Graft conviction keeps south Indian politician out of office

NIRMALA GEORGE
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A lawyer addresses the media after the Supreme Court upheld the corruption conviction of the head of the ruling party in Tamil Nadu state, outside the Supreme Court in New Delhi, India, Tuesday, Feb. 14, 2017. The top court’s order ended the chances of AIADMK party leader Sasikala Natarajan becoming the southern state's next chief minister. (AP Photo/Altaf Qadri)

NEW DELHI (AP) — India's top court on Tuesday upheld the corruption conviction of the head of the ruling party in Tamil Nadu state, ending her chances of becoming the southern state's next chief minister.

The Supreme Court set aside a lower court order that had cleared Sasikala Natarajan of corruption charges.

India's politics are often dominated by outsized personalities and their friends and relatives, creating an environment where corruption is endemic.

Sasikala was the personal assistant to Jayaram Jayalalitha, a former movie star who became Tamil Nadu's top politician, or chief minister. Jayalalitha died in office in December triggering a succession battle within her AIADMK party.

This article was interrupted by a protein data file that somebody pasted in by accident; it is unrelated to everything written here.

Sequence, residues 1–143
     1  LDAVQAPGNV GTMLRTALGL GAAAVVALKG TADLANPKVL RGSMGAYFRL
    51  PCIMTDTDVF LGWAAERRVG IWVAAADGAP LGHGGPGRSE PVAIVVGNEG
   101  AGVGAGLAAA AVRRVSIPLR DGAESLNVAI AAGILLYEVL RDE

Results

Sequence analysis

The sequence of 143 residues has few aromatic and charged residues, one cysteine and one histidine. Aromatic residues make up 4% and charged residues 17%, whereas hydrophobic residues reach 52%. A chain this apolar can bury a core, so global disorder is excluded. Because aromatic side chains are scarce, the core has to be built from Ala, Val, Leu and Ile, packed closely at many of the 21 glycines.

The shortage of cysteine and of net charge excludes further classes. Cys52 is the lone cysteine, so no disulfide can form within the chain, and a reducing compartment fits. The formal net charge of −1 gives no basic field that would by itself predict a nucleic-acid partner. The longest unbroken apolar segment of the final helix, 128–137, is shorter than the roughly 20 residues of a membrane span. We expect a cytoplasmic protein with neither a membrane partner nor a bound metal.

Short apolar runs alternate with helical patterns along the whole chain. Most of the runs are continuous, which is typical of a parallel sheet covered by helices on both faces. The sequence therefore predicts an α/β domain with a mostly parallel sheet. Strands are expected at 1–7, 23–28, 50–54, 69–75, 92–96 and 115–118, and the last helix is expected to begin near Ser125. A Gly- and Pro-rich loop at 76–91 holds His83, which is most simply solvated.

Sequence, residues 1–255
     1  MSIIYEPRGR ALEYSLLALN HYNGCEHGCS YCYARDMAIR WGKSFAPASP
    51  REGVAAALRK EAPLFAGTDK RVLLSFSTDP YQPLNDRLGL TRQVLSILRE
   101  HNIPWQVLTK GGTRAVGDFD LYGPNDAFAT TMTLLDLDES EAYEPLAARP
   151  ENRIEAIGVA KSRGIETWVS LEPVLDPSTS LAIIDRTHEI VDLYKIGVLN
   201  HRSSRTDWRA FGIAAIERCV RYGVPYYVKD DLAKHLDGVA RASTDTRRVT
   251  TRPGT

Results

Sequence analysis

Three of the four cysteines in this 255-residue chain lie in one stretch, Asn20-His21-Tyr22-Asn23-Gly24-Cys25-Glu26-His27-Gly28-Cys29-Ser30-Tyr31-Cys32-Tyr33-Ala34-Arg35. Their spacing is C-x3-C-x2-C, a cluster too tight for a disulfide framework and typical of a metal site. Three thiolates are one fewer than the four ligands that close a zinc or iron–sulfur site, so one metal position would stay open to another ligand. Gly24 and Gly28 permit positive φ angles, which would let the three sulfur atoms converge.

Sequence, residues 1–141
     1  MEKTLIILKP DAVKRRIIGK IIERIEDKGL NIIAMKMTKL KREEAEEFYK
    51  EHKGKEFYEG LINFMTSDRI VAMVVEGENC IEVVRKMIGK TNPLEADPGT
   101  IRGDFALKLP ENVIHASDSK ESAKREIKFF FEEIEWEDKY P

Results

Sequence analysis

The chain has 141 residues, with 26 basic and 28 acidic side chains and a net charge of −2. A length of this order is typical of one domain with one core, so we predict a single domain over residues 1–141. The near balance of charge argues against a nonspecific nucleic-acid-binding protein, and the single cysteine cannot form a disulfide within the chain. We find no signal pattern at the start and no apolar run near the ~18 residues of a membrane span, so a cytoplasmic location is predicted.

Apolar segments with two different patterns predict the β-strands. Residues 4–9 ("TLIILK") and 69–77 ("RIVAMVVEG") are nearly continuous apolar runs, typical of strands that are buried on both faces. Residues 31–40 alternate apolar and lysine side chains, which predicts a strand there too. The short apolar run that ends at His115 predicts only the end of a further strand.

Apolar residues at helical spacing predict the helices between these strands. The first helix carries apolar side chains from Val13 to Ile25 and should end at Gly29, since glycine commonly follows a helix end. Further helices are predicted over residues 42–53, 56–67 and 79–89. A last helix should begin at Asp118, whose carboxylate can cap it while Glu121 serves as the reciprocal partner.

Jayalalitha inspired intense loyalty among her political supporters who called her "Mother." Some of that charisma rubbed off on Sasikala, who was hailed as "Little Mother."

The corruption case, filed in 1996, accused Jayalalitha, Sasikala and two of Sasikala's kin of possessing assets disproportionate to their known sources of income. It was moved to neighboring Karnataka state due to fairness concerns, and the defendants were found guilty in 2014, but nine months later, were acquitted by the Karnataka high court following an appeal. That decision was challenged in the Supreme Court.

Jayalalitha died before the top court could give its decision, but on Tuesday, the judges ordered Sasikala and the two remaining co-defendants to complete their four-year jail terms.

The conviction means Sasikala is barred from contesting an election for six years after completing her jail sentence, thus removing her from the political scene for the next 10 years.

The ruling ends one more scene in the high drama that has engulfed Tamil Nadu since Jayalalitha's death, with Sasikala and the acting chief minister O. Paneerselvam jockeying for the top job.

Although Sasikala had no administrative experience, she wielded enormous power due to her proximity to Jayalalitha. Last week, the AIADMK party announced that she would be the next chief minister of Tamil Nadu.

Sasikala tried to influence the battle for the top job by isolating nearly 120 lawmakers in a beach resort about 80 kilometers (50 miles) away from the state capital, Chennai.

Paneerselvam, who had resigned as acting chief minister, told the media that he had been forced to resign under duress. He appealed to lawmakers in Sasikala's custody to join him to carry forward the ideals of Jayalalitha, whose death had thrown the party and the state into a political crisis.